M&S prepares for food fight as supermarket rivals go posh

M&S chief exec Steve Rowe admitted that it needed to improve its pricing

M&S chief exec Steve Rowe admitted that it needed to improve its pricing

M&S chief exec Steve Rowe admitted that it needed to improve its pricing

Marks & Spencer was left battling for customers over Christmas as rivals upped their game on premium products.

The department store has faced stiff competition from supermarkets whose more expensive lines have been improved recently, while on basic produce it is under threat from discounters.

M&S chief executive Steve Rowe admitted that it needed to improve its pricing for products such as brussels sprouts and other fresh vegetables, as food sales slumped 0.4 per cent over the festive period.

He said: ‘What we’re seeing is that on some of the more value products, where it’s difficult to see the M&S plus, we’ve got to get a bit sharper on prices.’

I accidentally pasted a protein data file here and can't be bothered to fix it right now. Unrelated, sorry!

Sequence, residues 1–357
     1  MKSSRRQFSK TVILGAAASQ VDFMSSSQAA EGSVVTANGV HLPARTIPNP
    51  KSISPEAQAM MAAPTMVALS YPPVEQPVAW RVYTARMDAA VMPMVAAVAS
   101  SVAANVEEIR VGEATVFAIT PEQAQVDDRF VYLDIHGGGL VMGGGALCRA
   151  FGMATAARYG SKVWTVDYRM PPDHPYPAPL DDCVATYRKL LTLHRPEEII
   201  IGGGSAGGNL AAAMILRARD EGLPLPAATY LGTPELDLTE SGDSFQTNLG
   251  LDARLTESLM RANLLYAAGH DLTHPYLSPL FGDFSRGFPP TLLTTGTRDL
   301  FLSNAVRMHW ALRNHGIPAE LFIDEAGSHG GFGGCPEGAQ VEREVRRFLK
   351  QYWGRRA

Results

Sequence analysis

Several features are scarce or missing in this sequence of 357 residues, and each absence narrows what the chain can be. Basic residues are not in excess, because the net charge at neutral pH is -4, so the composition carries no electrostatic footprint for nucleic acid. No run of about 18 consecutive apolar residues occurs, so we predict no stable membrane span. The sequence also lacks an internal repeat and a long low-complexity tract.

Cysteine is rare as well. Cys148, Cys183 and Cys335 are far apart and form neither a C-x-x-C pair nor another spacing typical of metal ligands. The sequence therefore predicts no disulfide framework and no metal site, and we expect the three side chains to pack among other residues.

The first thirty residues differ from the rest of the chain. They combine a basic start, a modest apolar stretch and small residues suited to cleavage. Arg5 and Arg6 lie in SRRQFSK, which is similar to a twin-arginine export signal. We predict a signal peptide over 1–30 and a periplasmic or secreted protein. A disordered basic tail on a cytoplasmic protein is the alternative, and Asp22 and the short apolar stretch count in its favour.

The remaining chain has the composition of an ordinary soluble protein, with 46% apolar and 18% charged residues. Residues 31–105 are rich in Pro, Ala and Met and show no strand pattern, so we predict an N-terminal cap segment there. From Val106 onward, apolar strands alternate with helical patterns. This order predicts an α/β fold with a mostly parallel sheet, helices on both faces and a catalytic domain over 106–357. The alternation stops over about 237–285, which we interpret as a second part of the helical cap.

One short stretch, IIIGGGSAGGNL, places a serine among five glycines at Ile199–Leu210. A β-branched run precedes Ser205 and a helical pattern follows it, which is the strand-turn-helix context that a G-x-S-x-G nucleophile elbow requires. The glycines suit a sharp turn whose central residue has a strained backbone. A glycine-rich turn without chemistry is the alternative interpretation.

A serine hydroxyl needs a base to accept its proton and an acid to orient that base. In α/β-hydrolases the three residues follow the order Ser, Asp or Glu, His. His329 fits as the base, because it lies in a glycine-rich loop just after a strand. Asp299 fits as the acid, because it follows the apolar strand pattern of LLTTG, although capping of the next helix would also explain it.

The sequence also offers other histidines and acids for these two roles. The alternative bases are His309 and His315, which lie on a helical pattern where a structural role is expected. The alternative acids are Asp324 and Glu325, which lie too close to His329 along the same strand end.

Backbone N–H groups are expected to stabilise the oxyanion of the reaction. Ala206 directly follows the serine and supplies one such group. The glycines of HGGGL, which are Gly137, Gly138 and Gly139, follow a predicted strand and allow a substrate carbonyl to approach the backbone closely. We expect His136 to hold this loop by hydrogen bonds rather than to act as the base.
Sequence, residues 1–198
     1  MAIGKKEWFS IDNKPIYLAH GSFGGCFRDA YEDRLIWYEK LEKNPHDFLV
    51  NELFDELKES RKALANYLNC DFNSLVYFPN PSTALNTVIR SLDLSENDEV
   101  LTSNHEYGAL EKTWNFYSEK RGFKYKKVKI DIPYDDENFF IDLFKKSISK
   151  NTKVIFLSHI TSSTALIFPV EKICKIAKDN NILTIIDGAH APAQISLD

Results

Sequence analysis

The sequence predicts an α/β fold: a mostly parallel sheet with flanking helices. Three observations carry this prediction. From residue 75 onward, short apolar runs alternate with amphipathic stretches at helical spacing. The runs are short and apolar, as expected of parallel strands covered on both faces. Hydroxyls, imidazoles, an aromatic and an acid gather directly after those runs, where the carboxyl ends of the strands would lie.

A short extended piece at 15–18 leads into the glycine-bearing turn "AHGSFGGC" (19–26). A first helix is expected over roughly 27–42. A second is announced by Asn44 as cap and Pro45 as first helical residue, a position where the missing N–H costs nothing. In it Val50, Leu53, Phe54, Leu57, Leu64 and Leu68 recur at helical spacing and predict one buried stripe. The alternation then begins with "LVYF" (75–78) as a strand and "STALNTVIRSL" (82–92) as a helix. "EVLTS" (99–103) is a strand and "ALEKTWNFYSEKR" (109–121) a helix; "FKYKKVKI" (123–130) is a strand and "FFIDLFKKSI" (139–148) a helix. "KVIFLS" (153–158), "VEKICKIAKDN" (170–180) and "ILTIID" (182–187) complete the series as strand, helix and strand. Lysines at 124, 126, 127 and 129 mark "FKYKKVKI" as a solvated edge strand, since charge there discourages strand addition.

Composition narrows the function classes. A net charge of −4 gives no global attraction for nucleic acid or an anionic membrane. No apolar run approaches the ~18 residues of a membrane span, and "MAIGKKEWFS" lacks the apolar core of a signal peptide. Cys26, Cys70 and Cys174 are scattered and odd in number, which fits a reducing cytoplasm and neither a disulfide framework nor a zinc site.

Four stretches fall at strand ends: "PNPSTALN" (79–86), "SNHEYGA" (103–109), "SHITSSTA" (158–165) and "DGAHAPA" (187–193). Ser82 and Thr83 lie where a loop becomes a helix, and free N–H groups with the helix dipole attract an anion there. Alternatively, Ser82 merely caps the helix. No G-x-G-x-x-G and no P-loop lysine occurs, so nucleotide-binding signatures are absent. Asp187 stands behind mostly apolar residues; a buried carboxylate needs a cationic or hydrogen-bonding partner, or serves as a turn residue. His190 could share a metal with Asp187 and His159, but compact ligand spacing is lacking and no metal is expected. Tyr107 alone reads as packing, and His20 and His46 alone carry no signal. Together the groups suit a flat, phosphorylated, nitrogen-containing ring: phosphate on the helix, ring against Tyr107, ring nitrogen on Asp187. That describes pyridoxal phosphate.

Shares were down by 7 per cent yesterday after its seasonal update, in which it also reported a 2.8 per cent drop in clothing and homeware.

The retailer is in the middle of a radical overhaul under Rowe. 

But Bryan Roberts, a director at retail analysts TCC Global, said rivals were beating M&S on innovation and pricing.

‘It is within food that many have closed the gap on M&S while also putting its prices in sharp relief,’ he said.

While M&S’s performance in the 13 weeks to December 30 was better than expected, overall sales were down 1.4 per cent.

Rowe said he was certain that clothing sales would have been up if it were not for warmer weather in October.

He also defended his five-year turnaround plan.

‘We’re very clear, we’ve got lots to do and this is not going to be a short burn,’ he said. 

‘So anyone who thinks there’s going to be results in two minutes is mistaken.’

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